Licentiate seminar

Modeling of Electrolytic Pickling

Defendant Main Advisor Extra Advisor Date
Nulifer Ipek Fritz Bark Noam Lior 2002-03-06

Göran Lindbergh, KTH, Mekanik, Faxén Laboratory

Evaluation committee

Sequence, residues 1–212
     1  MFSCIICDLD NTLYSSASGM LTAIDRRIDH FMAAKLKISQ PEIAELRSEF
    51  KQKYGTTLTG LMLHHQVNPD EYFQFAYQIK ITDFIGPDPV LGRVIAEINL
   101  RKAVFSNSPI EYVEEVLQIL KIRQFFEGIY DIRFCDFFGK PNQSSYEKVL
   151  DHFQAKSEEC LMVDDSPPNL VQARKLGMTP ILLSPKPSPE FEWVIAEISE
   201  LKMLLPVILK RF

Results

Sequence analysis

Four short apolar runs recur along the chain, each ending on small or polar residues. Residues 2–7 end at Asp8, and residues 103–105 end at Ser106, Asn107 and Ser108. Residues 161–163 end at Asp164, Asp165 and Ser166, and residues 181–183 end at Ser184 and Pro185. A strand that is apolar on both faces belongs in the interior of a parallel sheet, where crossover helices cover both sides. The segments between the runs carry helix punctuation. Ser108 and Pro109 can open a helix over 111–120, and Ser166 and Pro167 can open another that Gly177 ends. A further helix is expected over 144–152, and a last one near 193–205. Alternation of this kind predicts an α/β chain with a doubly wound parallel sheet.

Pickling is the most common of several processes used to remove scale from steel surfaces. Dissolution of the oxide scale by dipping in several successive baths containing strong acid mixtures, has been the traditional way of removing it since the late 1700s. This method, however, has many negative effects, such as creation of a corrosive environment, attack of the base metal, and NOx emissions and nitrate effluents which pollute the air and water. A much more benign method, studied here, is neutral electrolytic pickling, which uses a neutral solution of sodium sulphate. Descaling is carried out by electrolytic action, achieved by application of electrical current. The efficiency of neutral electrolytic pickling processes in industrial use was reported to be only 20-30 %, partly due to the evolution of gas by the accompanying water electrolysis, and partly because much of the applied current does not reach the steel being pickled. The primary objective of this study is to provide a better fundamental understanding of the process and to thereby optimize it. To the best of our knowledge, this is the first attempt to model the process comprehensively. The improvements sought are to increase the line output, and reduce the consumption of energy and chemicals. Supported initially by Avesta Polarit AB, the modeling was focused on the electrolytic pickling tanks for stainless steel bands at their Avesta plant. A critical literature review was conducted, to elucidate the state of the art of the electrolytic pickling method mainly, but also of the acid pickling method. Neutral electrolytic pickling is reported to provide a fast descaling rate due to the conversion, at high anodic overpotentials, of the otherwise hard to dissolve chromium oxide into more soluble Cr(VI)-compounds. The dissolution of the oxide scale is achieved by electrochemical reactions, which require participation of electrons. The electrons are supplied by the externally applied current, which is induced in the steel band by the imposed electric potential on the electrodes. The rate of scale dissolution is proportional to the applied current density, and thus by controlling it also the pickling process can be controlled. In addition both electrochemical and chemical dissolution of the scale and base metal occurs. No complete set of dissolution reactions, however, and reaction rates is provided in the literature. The dissolution behavior of oxides formed on different type of steels, has however not been clarified yet. A progressive approach to understand and model the electrolytic pickling process was adopted. An electrostatic analytical model, to study the potential distribution in an electrolytic pickling cell without flow, scale dissolution reactions, and electrolysis, was a first step in the study. The model, even at this highly simplified stage, showed from the current fields that much of the applied current short-circuits between the electrodes instead of being transferred to the steel band for descaling. This model was used to investigate the effects of geometry, configuration and electrolyte and steel properties on the current and potential distributions, and ways to increase the process efficiency were found and verified experimentally. The second step in the study was the development of a mathematical model that now added consideration of the electrolytic gas evolution on the electrodes and on the steel band. The model was solved numerically, using the finite element program FEMLAB. The bubble velocity was found to be of the order of 0.1 m/s, of the same order as that of the steel band, and the conclusion is that it therefore needs to be considered when computing hydrodynamic effects and transport (which will be accomplished in the next stage of the project). Experiments were conducted in a small experimental electrolytic pickling cell to obtain better understanding of the process and for model validation. The analytical model shows trends very similar to those observed in the experiments. It shows, for example, how the current efficiency decreases as the electrode-band distance increases, and how it increases with the band-to-electrolyte conductivity ratio. Bubbles have been observed to cover about 30 % of the electrode and band surfaces, with especially strong coalescence on the bottoms, but the coverage was significantly reduced when the electrolyte was made to flow. This is believed to yield a more even current distribution and homogeneous pickled surfaces, but needs further studies. The numerical model thus shows an encouraging increasing agreement with the experimental results. Another encouraging result from the numerical model is that the prediction of overpotential at the steel band, being the driving force of the electrochmical reactions, agrees reasonably with that reported in the literature.